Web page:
var ui = SpreadsheetApp.getUi().createMenu(‘MyMenu’)
    .addItem(‘Hello There’, ‘helloWorld’)
    and it all worked fine.
    Have no idea what the difference is.

    I’ve had this kind of thing happen before in app script though…
    in particular when I was testing for results less than a particular variable using var1 0 and everything worked OK.

    so it’s good to teach multiple ways of doing the same thing.

  9. Hi,
    We have a container bound script and would like to password protect the Script Editor.Is there any way to do this or a workaround available to ensure that only the developer can access the Script Editor?

  10. This is awesome – Thanks!

    I’m running in to an error with the Map distance problem.
    It initially worked, and then when I tried it again with new values, it stated:
    “TypeError: Cannot read property “legs” from undefined.”

    Even when I put the old values back in, it would no longer work.

    Any suggestions?

      1. Thanks for the quick reply!

        The strange thing is that even the two points that initially worked and returned the distance, also stopped working after I tried other destinations. It only worked the first time and then everything seemed to break.

  11. What a lovely article. I’m just starting to explore all the possibilities of Google App Scripting. I don’t have any main goal yet, so I’m just fiddling around a bit.

    For starters I’d like to know whatever is possible with an app inside a google site, and I didn’t find any documentation on how to implement custom UI controls on the properties on the embedded app.
    To clarify: I add a script in my google site, then on a page I add a “Google Script App”, and add that script I just made. Then for that added ‘widget’, you can click on the edit button. I’d like to know how to add my custom settings on that page.

    I know it’s possible, as other existing widgets can do this too.

    Any help on this one?

  12. I am new to scripting. I have 12 functions in a single script. I cannot find a suitable answer to this question:

    How can I link my scripts so that all 12 run sequentially?

    Thank you very much!

    1. Hey Brian,

      I can understand your frustration, I was there once too 🙂

      You can call your 12 functions inside another, sort of master execution function, if you will, like this:

      function runFuncs() {
      // put your 12 functions in here...
      // etc...

      function func1() {

      function func2() {

      where func1 and func2 would be the first two of your 12 functions. When you run runFuncs(), it will execute those functions inside of it, func1 and func2 in this case, but could be all your 12.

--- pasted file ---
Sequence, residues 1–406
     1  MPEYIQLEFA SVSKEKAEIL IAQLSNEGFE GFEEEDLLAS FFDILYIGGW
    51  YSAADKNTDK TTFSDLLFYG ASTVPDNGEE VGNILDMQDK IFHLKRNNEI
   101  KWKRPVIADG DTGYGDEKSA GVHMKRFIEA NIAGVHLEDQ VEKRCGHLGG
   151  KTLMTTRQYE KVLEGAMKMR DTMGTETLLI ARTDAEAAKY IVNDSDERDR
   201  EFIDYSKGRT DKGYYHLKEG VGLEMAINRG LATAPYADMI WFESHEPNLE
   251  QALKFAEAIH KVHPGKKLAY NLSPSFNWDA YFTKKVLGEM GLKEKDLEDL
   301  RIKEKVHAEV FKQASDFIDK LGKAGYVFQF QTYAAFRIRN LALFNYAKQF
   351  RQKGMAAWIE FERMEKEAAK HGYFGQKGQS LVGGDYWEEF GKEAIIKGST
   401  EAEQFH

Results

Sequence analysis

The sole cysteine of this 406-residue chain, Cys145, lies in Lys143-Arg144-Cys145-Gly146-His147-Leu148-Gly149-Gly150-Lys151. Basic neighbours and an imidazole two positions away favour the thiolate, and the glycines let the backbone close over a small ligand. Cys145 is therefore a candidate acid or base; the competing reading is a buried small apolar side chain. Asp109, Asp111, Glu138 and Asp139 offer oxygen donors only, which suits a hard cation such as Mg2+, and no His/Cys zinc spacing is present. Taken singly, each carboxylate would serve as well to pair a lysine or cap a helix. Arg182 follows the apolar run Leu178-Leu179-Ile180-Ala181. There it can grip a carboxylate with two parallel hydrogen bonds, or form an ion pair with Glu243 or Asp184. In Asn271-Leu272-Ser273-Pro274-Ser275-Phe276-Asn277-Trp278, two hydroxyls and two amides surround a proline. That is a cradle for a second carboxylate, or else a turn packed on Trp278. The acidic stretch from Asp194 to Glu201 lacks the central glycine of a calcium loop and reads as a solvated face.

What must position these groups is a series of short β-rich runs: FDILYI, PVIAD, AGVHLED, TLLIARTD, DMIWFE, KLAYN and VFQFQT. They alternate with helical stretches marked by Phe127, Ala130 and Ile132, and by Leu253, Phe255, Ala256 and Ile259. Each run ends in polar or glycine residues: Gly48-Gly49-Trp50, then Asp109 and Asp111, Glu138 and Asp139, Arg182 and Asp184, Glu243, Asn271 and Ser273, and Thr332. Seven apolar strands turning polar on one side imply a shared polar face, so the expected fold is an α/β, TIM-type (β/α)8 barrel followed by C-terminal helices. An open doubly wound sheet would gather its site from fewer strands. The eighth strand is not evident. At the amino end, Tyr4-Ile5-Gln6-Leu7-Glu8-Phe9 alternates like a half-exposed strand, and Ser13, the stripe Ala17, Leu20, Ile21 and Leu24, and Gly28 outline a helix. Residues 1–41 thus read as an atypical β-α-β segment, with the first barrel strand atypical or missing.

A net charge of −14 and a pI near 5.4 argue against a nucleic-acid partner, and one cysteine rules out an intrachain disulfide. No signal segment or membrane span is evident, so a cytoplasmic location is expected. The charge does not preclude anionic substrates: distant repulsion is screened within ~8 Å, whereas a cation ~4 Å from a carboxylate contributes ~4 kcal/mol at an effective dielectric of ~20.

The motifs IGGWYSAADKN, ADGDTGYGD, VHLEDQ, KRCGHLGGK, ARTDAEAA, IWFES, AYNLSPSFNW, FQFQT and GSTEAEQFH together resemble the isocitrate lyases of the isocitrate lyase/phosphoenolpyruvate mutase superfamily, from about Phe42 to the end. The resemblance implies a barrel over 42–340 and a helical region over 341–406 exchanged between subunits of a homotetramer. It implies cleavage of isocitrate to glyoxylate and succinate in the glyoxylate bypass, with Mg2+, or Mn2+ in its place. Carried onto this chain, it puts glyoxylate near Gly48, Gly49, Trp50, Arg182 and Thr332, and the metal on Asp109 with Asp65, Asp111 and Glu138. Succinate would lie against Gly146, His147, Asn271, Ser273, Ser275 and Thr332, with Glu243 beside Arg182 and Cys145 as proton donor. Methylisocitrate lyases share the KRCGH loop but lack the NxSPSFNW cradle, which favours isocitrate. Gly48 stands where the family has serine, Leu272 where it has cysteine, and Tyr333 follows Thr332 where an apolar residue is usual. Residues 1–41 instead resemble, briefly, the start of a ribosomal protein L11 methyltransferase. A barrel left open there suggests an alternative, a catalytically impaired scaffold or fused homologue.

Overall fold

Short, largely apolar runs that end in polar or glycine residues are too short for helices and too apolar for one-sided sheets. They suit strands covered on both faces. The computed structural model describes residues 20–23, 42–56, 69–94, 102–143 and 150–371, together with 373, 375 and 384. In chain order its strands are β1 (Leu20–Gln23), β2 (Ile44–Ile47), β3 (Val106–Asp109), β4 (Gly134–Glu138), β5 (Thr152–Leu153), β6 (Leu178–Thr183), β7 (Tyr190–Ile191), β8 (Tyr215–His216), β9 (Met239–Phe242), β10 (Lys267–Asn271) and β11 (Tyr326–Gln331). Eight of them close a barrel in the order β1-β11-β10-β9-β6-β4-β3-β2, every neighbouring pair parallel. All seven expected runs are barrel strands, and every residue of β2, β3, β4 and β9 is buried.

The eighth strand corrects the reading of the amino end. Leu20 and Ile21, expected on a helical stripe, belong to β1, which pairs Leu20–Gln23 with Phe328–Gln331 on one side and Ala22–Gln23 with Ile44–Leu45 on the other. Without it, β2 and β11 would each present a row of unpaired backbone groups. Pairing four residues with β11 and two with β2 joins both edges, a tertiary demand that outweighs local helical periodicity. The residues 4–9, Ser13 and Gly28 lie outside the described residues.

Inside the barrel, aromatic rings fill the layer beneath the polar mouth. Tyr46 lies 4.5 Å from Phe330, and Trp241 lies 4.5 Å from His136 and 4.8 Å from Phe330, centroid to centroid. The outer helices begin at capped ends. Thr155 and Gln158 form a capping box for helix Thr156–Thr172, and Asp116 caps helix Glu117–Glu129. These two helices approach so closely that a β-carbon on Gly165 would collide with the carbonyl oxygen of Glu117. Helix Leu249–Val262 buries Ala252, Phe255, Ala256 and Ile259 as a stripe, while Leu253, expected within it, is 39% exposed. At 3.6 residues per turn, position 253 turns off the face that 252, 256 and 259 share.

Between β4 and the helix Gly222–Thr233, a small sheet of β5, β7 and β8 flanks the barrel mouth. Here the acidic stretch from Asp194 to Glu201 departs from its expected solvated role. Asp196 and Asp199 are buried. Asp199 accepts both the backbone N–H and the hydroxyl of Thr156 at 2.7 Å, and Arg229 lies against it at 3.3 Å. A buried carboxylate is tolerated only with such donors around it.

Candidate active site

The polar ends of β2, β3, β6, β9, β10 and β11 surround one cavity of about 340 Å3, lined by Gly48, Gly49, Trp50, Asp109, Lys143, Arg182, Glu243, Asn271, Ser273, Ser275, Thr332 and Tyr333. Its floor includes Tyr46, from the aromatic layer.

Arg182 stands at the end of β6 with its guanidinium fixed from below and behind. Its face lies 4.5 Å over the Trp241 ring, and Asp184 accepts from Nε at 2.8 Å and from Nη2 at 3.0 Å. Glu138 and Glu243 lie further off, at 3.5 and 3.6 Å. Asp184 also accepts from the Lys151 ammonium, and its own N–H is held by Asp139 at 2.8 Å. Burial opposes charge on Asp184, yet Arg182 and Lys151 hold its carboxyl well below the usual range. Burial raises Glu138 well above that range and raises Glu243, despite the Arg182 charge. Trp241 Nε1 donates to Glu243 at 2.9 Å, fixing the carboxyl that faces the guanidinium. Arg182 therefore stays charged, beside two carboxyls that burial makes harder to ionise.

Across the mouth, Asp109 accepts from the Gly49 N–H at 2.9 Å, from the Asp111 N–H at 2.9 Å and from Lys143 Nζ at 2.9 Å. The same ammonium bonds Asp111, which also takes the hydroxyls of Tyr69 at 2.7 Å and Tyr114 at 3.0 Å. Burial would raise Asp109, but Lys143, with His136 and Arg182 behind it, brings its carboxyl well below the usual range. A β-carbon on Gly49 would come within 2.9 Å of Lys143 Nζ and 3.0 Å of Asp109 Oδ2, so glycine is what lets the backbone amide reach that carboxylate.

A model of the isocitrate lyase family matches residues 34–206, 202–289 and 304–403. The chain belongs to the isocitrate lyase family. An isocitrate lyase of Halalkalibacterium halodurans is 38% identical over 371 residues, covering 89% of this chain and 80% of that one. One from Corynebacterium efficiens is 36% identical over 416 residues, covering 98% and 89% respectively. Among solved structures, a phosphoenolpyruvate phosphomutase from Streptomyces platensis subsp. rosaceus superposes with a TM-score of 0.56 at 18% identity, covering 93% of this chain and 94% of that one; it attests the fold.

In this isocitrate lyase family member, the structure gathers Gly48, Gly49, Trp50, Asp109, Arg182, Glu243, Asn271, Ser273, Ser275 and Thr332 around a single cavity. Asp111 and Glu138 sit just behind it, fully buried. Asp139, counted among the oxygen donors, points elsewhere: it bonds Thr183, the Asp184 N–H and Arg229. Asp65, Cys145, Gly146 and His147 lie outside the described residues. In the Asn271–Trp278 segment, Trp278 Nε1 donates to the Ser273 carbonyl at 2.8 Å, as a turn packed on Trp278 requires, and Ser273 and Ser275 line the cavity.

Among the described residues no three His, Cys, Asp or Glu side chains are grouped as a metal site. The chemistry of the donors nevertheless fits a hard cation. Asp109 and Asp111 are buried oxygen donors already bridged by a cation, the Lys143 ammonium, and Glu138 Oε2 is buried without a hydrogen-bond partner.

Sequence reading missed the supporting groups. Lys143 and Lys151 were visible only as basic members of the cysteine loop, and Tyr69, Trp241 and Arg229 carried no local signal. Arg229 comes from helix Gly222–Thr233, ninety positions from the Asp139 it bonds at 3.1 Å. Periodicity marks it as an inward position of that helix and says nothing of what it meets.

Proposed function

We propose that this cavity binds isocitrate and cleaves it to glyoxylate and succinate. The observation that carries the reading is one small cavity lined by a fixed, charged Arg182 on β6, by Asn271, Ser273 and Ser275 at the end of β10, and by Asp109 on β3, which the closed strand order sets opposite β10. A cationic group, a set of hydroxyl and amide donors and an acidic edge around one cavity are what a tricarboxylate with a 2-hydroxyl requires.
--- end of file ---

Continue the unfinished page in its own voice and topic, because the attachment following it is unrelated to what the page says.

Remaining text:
Hope that helps!


  13. I am a new user to google sheets and I love working with excel automation and advance excel. I searched about google sheet programming, and your this article become very beneficial to me.

    Great work!

  14. Hey Ben, I have a real beginner’s question.
    How do I get the “suggestion screen” on screen when I’m typing code. I have a Chromebook.

    Thanks for your answer.

  15. Hi Ben, I am using getcharts() to retrieve and save a manually produced chart in google sheets. I keep getting a google server error ‘We’re sorry, a server error occurred. Please wait a bit and try again. (line 4, file “Code”)’. The code is below – can you please help me with what I am doing wrong? Is it because the chart was not created with GAS in the first place?
    function myFunction()
    { var spreadsheet1=SpreadsheetApp.getActive();
    var sheet = spreadsheet1.getSheets()[0]; // grabs active sheet
    var chartvarun = sheet.getCharts(); // grabs the first chart on the sheet
    var file = DriveApp.createFile(chart.getBlob()); // saves it as a file

    1. @Varun – were you able to solve this? I am getting the same error. Strangely, I am using the identical code on two sheets and only get an error on one.

  16. Hi Ben,

    I am a junior programmer and my company has asked me to do some google docs work that I have never touched before. Since we are a small company I would love to hear your input…
    Can you advise how I would export cvs data from an excel sheet/url to a google doc? I need it automated to occur once a week.


  17. I have search for a language refernece card for keywords, srtuctures and I could not find yet but some fragments. Any idea where I could find a refcard, a cheat card, thank you

  18. Hello i tried to code the example but i keep gettign this error:

    Cannot call Browser.msgBox() from this context; have you tried Logger.log() instead? (line 2, file “Code”)
    function myFunction() {